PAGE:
A screen shot showing the Clemson University Firefly Flash Counter app in iTunes
By Nathaniel Cary, Greenville News
Clemson University released results from its 2013 statewide firefly count, which saw greater participation from citizen scientists this year than any of the previous counts.
Researchers who launched the Vanishing Firefly Project plan to gather data over several years from across the state to determine how development patterns affect the firefly population.
It's too soon to draw any major conclusions, said biogeochemist Alex Chow, who along with entomologist J.C. Chong, lead the research.
"It's too early to make a really conclusional statement about it," Chow said. "But one thing I'm really happy about is that there are a lot of firefly populations around the state. A lot of areas still have a healthy population. I think it's important to keep it conserved."
Chow said the number of participants increased greatly this year following media reports, including one on GreenvilleOnline.com, about the count, which was held June 1.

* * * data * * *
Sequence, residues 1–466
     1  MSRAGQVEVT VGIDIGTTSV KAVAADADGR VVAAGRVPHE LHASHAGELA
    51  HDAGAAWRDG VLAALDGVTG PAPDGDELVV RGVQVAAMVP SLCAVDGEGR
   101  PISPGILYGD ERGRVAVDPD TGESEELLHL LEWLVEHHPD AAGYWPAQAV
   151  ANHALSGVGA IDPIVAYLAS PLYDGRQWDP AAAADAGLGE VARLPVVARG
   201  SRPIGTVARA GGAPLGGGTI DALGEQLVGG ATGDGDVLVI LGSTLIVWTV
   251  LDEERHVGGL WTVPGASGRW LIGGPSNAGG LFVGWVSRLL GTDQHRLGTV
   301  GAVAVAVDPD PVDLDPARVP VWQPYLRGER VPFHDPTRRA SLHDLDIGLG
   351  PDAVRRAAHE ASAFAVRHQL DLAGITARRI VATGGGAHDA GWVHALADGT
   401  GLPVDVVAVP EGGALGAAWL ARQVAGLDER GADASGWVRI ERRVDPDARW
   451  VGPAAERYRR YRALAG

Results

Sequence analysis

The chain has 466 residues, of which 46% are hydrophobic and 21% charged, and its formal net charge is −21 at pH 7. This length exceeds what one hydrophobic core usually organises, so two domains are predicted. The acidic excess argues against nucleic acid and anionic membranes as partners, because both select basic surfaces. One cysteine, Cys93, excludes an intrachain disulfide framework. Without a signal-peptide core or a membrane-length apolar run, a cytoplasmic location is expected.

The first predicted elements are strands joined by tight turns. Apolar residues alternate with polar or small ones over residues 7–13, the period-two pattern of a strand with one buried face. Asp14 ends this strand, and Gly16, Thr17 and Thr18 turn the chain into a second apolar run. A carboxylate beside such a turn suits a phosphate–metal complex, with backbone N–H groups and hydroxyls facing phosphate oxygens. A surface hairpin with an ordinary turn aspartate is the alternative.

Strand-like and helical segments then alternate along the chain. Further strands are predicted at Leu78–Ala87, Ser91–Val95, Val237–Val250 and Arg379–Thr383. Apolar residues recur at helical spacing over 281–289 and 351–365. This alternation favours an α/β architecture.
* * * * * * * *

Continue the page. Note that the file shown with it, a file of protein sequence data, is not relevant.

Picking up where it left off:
More than 1,000 participants used the new Firefly Flash Counter application on the iPhone and another 500 entered data online using a website the research team set up for the event, he said.
The first year of the count, in 2010, had about 100-120 participants, he said.
Next year, Chow said the team would like to develop apps for other phones and continue to expand the number of citizens involved. In future years, he's like to form smaller teams of interested citizens who could document when they first begin to see lightning bugs each year, count their populations throughout the summer months and report when the fireflies begin to disappear as fall approaches.
Fireflies are fewer and harder to find in some communities along the coast lately because of urban development and changes in forestry practices.
Chow said he hopes to document the affect on fireflies as the state faces more urban development in the next decade.